Submitted names are contributed by users of this website. The accuracy of these name definitions cannot be guaranteed.
ÆscferðmAnglo-Saxon Mythology The first element of this name is Old English æsc "ash tree". The second element may be Old English ferhð "soul, spirit, mind, life" (compare Unferð) or a variant form of Old English friþ "peace" (in which case this is a variant of the attested Old English name Æscfrith)... [more]
ÆscheremAnglo-Saxon, Anglo-Saxon Mythology Derived from the Old English elements æsc "ash tree" and here "army". This name occurs in the 8th-century epic poem 'Beowulf' belonging to King Hroðgar's most trusted adviser; Æschere is killed by Grendel's mother in her attack on Heorot after Grendel's death.
BældægmAnglo-Saxon Mythology Anglo-Saxon equivalent of Balder. Made up of the Old English elements bæl, of disputed origin, and dæg, meaning "day." ‘The Anglo-Saxon Chronicle,’ written after the Christianization of the Anglo-Saxons, treats him as a historical figure, listing him among the legendary ancestors of the kings of Bernicia and Wessex.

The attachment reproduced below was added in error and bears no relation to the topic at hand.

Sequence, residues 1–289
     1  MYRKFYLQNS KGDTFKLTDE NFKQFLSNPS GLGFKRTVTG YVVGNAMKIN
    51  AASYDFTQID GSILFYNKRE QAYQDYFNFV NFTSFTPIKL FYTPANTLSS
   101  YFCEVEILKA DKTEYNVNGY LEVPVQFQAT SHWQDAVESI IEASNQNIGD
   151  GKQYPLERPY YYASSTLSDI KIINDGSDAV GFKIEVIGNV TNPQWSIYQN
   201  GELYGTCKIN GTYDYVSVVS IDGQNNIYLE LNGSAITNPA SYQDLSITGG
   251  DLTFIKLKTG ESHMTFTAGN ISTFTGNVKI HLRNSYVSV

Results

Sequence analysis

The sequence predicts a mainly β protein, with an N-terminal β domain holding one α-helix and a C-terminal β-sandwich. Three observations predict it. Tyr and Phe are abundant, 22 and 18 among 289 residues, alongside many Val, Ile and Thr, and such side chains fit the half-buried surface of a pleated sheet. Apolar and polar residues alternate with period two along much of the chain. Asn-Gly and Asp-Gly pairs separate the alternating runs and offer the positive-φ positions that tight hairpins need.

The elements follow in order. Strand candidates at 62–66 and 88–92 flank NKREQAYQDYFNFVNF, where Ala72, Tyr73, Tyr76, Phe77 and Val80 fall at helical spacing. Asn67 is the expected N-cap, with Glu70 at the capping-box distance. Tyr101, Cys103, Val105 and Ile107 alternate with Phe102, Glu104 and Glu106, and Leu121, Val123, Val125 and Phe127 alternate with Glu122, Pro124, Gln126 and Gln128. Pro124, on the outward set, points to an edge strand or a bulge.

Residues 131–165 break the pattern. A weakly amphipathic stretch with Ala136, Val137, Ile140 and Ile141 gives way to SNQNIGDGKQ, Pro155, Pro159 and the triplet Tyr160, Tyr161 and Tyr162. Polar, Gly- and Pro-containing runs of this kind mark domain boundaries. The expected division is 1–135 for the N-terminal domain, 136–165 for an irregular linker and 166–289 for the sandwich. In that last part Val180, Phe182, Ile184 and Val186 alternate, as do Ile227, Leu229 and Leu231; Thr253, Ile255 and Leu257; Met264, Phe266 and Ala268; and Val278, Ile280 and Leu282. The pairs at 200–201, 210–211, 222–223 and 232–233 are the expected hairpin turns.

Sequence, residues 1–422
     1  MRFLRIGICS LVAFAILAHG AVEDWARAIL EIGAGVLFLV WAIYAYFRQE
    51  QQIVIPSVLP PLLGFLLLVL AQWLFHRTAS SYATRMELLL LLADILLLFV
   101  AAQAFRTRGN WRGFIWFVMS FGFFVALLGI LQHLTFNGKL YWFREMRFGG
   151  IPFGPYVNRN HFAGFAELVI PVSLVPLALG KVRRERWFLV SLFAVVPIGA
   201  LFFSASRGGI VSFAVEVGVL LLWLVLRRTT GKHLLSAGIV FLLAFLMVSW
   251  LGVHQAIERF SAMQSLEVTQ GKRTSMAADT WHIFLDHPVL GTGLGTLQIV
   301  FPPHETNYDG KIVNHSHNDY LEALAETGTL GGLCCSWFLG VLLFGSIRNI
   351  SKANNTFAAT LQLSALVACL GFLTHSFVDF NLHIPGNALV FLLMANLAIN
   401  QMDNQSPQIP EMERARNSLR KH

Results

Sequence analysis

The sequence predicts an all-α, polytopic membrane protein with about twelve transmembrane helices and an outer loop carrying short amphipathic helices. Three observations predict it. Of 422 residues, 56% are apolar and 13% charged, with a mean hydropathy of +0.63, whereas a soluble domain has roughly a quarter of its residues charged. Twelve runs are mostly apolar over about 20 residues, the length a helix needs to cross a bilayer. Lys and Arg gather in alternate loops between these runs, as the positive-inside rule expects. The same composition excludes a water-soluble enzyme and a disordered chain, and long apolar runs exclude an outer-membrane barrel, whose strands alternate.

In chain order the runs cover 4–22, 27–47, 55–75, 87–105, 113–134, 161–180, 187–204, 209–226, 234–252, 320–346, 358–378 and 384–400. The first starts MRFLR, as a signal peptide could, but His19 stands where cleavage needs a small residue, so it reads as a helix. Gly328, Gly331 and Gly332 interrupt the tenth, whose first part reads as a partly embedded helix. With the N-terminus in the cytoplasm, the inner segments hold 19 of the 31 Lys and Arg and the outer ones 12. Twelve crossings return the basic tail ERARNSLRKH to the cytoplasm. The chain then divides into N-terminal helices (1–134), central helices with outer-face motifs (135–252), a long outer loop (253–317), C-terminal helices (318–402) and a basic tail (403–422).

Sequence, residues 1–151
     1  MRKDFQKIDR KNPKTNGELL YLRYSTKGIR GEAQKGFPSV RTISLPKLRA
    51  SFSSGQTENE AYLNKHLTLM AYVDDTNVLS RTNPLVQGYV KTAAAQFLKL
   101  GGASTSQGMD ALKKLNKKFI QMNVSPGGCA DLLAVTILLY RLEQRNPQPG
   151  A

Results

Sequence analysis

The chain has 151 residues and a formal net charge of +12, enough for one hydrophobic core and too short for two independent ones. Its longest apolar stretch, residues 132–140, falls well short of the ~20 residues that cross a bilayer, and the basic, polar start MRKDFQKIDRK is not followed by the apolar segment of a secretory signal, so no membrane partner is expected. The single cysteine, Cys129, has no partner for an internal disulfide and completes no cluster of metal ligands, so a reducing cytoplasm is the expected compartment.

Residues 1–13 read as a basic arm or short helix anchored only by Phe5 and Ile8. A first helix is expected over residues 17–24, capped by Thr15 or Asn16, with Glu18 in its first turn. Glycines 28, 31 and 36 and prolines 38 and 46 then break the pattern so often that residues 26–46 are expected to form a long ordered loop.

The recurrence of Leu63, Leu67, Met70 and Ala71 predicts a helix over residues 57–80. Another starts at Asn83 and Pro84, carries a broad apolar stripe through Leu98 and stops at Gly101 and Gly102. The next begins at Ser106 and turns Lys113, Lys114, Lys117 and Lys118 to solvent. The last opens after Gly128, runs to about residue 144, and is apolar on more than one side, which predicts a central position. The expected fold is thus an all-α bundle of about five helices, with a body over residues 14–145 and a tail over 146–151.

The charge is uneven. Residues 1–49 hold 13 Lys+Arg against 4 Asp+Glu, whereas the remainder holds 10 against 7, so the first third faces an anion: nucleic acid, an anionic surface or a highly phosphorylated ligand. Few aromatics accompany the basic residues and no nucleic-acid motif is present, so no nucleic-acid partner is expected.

IngeldmAnglo-Saxon, Anglo-Saxon Mythology Old English name, possibly derived from the Old English intensive prefix in- and geld, gield "payment, tribute". This was the name of a legendary prince of the Heathobards who appears in Anglo-Saxon tales, including the 8th-century epic poem Beowulf.
RhedafAnglo-Saxon Mythology (Latinized) Latinized form of Old English Hrêðe or Hrêða. Rheda is a goddess attested solely by Bede in his 8th-century work De temporum ratione, where she is connected with the month "Rhedmonth" (which is the equivalent of modern day March).
WealhþeowfAnglo-Saxon Mythology Composed of Old English wealh "foreigner, Celt, slave" and þeow "servant". Wealhþeow is a queen of the Danes as the wife of king Hroðgar in the anonymous 8th-century epic poem 'Beowulf'.